Monday, October 4, 2010

A pastry class anyone?

Oh yum. There's definitely something to being the resident food translator/orchestrator of cooking classes with my local artisans. Good meals, new techniques and yes delectable pastries.

Last week my week-long class included hikes, feasts, visits and a pastry class with my maître-pâtissier Guy LeBlanc. We kept the class to a reasonable two hours rather than the marathon four hours we might have done (hey, we'd hiked that morning). However, it was duly noted that we could program a week's intensive of afternoon pastry classes in the future during the months of May or October. Ahhhh future projects. But I get ahead of myself.

Thus we arrived, well-nourished, laundry dropped off at the local laundromat, a shoe repaired next door, ready to master a few tricks of the trade. With one client with a cast on her wrist, her husband took over at the helm.

We had two desserts before us: a relatively simple chocolate ganâche tart and a multi-step chocolate mousse cake filled with hazelnut caramel. Neither was truly difficult, both divine to eat, but the latter took more preparation by far.

Guy is one of those superbly prepared individuals. He'd done ahead of time what needed to rest overnight, measured out all the ingredients, etc., so we were able to clean our heads and get right to melting the sugar and making the caramel.

the ingredients for the caramel (to be prepared the night before):

- 205 grams sugar
- 68 grams glucose (optional, for the pros)
- 1.5 grams salt
- 360 grams whipped cream
- 200 grams hazelnut paste
- 32 grams gelatin powder diluted in 180 grams cold water.

He melted the sugar in the sauce pan, little by little to avoid lumps, added the glucose and salt, and stirred till it colored nicely, and got to that "petit fumé" state of just smoking. Then he took it off the burner and slowly added the whipped cream, the gelatin and the hazelnut paste. Let cool overnight before using.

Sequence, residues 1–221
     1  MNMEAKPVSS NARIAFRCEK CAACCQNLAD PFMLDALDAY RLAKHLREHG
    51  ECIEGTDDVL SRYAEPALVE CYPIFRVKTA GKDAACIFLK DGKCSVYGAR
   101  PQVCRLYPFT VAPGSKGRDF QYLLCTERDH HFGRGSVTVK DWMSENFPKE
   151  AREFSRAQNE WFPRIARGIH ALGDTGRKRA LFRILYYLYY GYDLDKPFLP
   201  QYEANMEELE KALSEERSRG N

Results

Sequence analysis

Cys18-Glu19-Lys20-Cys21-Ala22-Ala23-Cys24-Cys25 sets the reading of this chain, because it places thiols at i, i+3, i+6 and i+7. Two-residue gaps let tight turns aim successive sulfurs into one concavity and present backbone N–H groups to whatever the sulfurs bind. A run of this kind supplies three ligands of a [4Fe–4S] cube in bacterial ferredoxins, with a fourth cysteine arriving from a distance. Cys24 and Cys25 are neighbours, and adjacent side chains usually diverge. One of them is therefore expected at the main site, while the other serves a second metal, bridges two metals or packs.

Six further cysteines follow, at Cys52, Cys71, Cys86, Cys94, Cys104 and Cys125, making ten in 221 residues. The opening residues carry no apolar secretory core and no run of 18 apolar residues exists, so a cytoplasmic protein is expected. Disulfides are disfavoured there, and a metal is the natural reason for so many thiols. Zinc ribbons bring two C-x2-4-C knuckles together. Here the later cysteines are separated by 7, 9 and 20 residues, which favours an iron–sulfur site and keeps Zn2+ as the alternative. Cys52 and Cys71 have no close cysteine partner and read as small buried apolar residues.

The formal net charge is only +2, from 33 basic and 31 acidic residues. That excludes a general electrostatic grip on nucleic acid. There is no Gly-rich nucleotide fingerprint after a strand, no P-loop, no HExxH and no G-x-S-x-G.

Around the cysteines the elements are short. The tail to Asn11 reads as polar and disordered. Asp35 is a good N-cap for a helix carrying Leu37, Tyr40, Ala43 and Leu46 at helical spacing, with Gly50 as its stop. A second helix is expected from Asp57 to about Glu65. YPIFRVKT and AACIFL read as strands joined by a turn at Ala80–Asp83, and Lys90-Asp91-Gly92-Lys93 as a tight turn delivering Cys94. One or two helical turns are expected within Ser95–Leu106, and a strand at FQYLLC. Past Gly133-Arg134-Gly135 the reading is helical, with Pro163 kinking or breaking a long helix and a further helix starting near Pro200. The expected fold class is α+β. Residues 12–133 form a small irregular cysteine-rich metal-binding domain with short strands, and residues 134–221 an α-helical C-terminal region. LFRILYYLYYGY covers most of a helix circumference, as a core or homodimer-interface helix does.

This was to go into a gorgeous and rich chocolate mousse:

the ingredients for the mousse:

- 300 grams heavy cream
- 40 grams glucose (optional for the pros)
- 250 grams dark chocolate (60%)
- 40 grams milk chocolate
- 375 whipped cream, not too stiff

Very simply, the heavy cream was brought to a boil with the glucose, this was poured over the softened chopped chocolate and blended till smooth. This was allowed to cool to 35/40Celsius (95F) (Guy tabled it) before the whipped cream was added. This mixture is very smooth when first made and must set overnight before serving. We then dolloped a bit of this mixture into the silicon molds, smoothing it against the sides with the ladle. Into this a spoonful of the caramel was put, then covered with the mousse, then covered with a simple chocolate biscuit. They are then frozen, popped out and topped off with a chocolate glaze.

ingredients for the chocolate biscuit sacher (to be prepared ahead):

150 grams warmed almond paste (50%)
55 grams icing sugar
95 grams egg yolks
50 grams whole eggs
50 grams flour
50 grams cocoa powder
50 grams butter melted
140 grams egg whites whipped stiff
55 grams sugar (blended with the egg whites)

Mix the almond paste and the icing sugar together, slowly add the yolks and eggs. Mix together and add the sifted flour and cocoa, then the melted butter. Fold in the egg whites and sugar. Spread on a baking sheet (ideally on a silpat or baking paper) to 1 centimeter thickness. Bake at 180C (365F) in a convection oven for 12 minutes till just firm, but still very flexible.

We popped out the frozen mousses and put them upon a cake rack and poured our lovely chocolate glaze atop them. Oh how beautiful! Unfortunately, the glaze is the one recipe I wasn't able to obtain. Something about it being quite complicated, or simply his own? However, you might be able to come up with something a bit similar, or just melted dark chocolate, which would give you a crunchy exterior rather than this glimmering soft one. But hey, it would still taste heavenly! You might also sprinkle it with dark cocoa powder... the possibilities are many.

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